Discover ways you undermine yourself in negotiations. In this video, Elizabeth Robillard discusses how we focus on our own weaknesses, bargain ourselves down, and mistake toughness for effectiveness.
- Sometimes we are our own worst enemy when it comes to negotiating. It is easy to miss negotiating opportunities at work but we also can get in our own way in how we approach a potential negotiation. Let's talk through a few of the more common ways we handicap our negotiating position. We focus on our own weaknesses. We think of all the reasons that we will not be able to get what we want so we back off and fail to negotiate even though we know it would be better if we could.
We limit ourselves before we even start. We may make the first concession in our head. We carry on a private debate and convince ourselves of all the reasons we won't be able to get what we want. We bargain ourselves down. We should remember that the opening offer is as good as it is ever going to get. If we discount before we start, we limit our possibilities for gain. Our style can also hinder us.
We can mistake toughness for effectiveness. We see the negotiation as a game with winners and losers. We want to be on the winning side, but instead of focusing on winning, we should think about what would be good for us and good for our organization. Finally, we are too concerned about how others will see us that we forget about or own interests and concerns. We want to make sure that the other person is happy. The trap is that we say we will do it for the relationship or that we want to be fair to everyone.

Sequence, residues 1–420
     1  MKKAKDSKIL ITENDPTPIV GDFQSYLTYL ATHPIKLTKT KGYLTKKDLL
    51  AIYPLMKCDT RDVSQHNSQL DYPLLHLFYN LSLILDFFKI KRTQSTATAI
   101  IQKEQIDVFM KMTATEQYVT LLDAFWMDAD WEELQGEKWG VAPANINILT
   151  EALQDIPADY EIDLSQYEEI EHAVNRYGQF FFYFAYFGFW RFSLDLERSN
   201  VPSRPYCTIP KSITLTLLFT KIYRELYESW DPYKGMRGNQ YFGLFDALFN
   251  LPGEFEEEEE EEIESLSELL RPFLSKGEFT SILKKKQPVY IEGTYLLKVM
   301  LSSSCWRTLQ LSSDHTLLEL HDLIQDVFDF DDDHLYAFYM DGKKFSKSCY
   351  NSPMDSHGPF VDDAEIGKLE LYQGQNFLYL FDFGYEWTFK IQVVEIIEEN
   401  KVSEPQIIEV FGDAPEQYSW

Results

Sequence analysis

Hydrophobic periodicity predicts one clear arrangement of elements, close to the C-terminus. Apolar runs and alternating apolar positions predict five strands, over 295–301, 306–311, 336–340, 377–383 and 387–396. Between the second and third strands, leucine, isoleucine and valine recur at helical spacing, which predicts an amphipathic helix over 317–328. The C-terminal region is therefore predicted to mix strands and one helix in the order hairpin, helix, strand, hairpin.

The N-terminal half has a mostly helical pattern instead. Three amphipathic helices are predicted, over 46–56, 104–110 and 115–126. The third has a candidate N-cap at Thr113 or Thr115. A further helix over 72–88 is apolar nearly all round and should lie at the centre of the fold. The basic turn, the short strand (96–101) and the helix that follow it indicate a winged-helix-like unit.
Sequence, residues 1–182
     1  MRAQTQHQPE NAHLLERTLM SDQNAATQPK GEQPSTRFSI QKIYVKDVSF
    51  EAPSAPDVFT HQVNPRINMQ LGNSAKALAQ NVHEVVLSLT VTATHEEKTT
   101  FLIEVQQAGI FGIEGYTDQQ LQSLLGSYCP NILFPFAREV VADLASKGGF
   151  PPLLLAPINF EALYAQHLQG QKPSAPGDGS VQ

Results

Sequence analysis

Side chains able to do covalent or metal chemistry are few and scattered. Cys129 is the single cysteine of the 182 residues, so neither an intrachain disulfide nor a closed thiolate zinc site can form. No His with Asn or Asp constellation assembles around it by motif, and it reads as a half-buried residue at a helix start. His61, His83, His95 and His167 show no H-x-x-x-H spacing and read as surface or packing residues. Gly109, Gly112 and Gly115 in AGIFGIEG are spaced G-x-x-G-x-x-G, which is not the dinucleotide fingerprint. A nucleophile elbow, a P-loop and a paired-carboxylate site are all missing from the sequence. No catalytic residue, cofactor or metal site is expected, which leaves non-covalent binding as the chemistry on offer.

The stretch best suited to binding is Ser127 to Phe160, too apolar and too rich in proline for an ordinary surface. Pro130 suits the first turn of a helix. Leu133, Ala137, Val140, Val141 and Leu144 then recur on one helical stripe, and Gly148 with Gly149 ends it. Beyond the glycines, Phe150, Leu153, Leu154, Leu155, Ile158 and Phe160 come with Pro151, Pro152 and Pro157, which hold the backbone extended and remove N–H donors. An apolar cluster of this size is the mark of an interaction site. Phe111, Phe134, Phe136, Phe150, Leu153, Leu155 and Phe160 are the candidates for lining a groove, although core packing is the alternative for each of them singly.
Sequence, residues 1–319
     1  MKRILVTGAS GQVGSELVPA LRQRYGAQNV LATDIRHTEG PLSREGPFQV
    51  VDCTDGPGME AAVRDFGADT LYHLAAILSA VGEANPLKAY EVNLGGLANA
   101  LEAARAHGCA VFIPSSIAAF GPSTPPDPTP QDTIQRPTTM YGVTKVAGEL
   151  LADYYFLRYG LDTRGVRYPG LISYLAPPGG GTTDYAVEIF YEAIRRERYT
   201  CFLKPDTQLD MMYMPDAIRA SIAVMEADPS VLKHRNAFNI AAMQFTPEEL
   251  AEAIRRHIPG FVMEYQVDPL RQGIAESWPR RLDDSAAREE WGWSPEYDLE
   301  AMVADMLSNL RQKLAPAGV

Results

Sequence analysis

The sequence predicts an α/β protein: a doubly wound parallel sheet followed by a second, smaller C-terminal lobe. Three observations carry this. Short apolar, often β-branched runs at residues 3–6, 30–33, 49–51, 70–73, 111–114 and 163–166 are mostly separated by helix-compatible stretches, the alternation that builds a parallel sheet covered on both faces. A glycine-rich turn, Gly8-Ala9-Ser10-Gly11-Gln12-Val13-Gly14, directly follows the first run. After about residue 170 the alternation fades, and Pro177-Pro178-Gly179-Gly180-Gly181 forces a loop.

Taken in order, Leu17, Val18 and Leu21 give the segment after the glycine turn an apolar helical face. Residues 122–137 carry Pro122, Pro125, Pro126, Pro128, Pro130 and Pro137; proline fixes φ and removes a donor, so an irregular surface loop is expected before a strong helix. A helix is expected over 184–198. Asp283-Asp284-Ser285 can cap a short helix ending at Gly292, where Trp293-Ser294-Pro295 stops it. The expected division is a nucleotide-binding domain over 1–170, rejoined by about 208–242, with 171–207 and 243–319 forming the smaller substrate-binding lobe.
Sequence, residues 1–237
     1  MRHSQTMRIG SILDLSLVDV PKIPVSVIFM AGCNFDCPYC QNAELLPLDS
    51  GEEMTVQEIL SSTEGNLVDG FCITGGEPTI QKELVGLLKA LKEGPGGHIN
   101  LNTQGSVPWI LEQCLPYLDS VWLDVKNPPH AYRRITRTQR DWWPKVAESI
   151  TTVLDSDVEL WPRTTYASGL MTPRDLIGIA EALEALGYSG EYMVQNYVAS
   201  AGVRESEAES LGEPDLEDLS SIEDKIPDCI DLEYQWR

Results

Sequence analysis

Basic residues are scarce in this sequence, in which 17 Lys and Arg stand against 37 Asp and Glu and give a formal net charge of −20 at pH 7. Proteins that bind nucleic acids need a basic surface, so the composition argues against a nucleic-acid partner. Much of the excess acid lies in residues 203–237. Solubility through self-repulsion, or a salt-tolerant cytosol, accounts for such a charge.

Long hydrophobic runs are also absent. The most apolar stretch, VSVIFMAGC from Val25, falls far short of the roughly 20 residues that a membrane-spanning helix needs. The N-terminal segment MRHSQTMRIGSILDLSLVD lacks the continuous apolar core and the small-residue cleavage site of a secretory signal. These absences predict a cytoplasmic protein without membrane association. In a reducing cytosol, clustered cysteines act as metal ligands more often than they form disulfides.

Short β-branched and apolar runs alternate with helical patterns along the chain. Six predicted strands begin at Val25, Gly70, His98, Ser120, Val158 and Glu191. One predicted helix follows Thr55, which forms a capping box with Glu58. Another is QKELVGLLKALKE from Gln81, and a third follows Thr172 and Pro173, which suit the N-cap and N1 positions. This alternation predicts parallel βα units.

Those are admirable aims, of course, but only if your negotiation partner shares them, if not, you can sacrifice your own interests before you even enter the negotiation. Before we work on the specific strategies you can use in negotiation, start by assessing the ways you might handicap yourself at the start. In the exercise files we provided a self-analysis worksheet. Download the worksheet and answer these questions. First, how do I get in my own way? Second, when have I failed to recognize negotiation opportunities? Third, what are my weaknesses that I'm too focused on? Fourth, when was a time I bargained myself down before I made the ask? Fifth, when have I tried to ensure that others are satisfied at the expense of my own needs? And finally, when have I mistaken toughness for effectiveness? Performing this self-analysis will position you better to prepare for the negotiation.
- The importance of negotiation
- Avoiding common negotiation pitfalls
- Determining what you really want
- Gathering relevant information
- Understanding bargaining power
- Determining your best alternative
- Anchoring your negotiation with options
- Making mutually beneficial agreements
- Anticipating responses
- Getting negotiations started
- Asking good questions